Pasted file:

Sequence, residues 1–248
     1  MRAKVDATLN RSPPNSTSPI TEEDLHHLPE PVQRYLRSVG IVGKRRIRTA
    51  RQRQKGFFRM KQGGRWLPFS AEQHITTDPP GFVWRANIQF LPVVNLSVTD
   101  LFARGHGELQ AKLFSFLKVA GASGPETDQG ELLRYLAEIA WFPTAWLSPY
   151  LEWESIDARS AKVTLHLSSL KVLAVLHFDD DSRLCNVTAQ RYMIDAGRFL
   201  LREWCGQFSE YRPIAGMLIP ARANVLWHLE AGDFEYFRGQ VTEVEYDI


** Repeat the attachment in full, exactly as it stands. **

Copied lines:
Sequence, residues 1–248
     1  MRAKVDATLN RSPPNSTSPI TEEDLHHLPE PVQRYLRSVG IVGKRRIRTA
    51  RQRQKGFFRM KQGGRWLPFS AEQHITTDPP GFVWRANIQF LPVVNLSVTD
   101  LFARGHGELQ AKLFSFLKVA GASGPETDQG ELLRYLAEIA WFPTAWLSPY
   151  LEWESIDARS AKVTLHLSSL KVLAVLHFDD DSRLCNVTAQ RYMIDAGRFL
   201  LREWCGQFSE YRPIAGMLIP ARANVLWHLE AGDFEYFRGQ VTEVEYDI